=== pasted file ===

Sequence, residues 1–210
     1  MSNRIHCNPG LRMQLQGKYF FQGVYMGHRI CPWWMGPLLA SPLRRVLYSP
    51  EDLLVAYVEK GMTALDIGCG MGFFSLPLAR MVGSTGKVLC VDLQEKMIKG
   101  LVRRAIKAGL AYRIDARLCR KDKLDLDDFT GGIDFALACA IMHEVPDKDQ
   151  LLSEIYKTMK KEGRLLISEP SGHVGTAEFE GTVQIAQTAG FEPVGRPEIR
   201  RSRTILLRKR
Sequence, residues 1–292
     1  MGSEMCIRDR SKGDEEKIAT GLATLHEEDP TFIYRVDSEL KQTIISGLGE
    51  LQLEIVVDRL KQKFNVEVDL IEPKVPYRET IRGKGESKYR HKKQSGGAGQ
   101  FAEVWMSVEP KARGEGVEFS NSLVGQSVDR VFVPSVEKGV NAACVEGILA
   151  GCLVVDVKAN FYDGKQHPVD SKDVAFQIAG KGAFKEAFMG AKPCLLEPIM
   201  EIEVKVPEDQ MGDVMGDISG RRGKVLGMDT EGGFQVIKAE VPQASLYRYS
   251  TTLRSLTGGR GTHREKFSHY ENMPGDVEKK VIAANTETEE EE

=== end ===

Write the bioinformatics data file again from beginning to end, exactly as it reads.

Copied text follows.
Sequence, residues 1–210
     1  MSNRIHCNPG LRMQLQGKYF FQGVYMGHRI CPWWMGPLLA SPLRRVLYSP
    51  EDLLVAYVEK GMTALDIGCG MGFFSLPLAR MVGSTGKVLC VDLQEKMIKG
   101  LVRRAIKAGL AYRIDARLCR KDKLDLDDFT GGIDFALACA IMHEVPDKDQ
   151  LLSEIYKTMK KEGRLLISEP SGHVGTAEFE GTVQIAQTAG FEPVGRPEIR
   201  RSRTILLRKR
Sequence, residues 1–292
     1  MGSEMCIRDR SKGDEEKIAT GLATLHEEDP TFIYRVDSEL KQTIISGLGE
    51  LQLEIVVDRL KQKFNVEVDL IEPKVPYRET IRGKGESKYR HKKQSGGAGQ
   101  FAEVWMSVEP KARGEGVEFS NSLVGQSVDR VFVPSVEKGV NAACVEGILA
   151  GCLVVDVKAN FYDGKQHPVD SKDVAFQIAG KGAFKEAFMG AKPCLLEPIM
   201  EIEVKVPEDQ MGDVMGDISG RRGKVLGMDT EGGFQVIKAE VPQASLYRYS
   251  TTLRSLTGGR GTHREKFSHY ENMPGDVEKK VIAANTETEE EE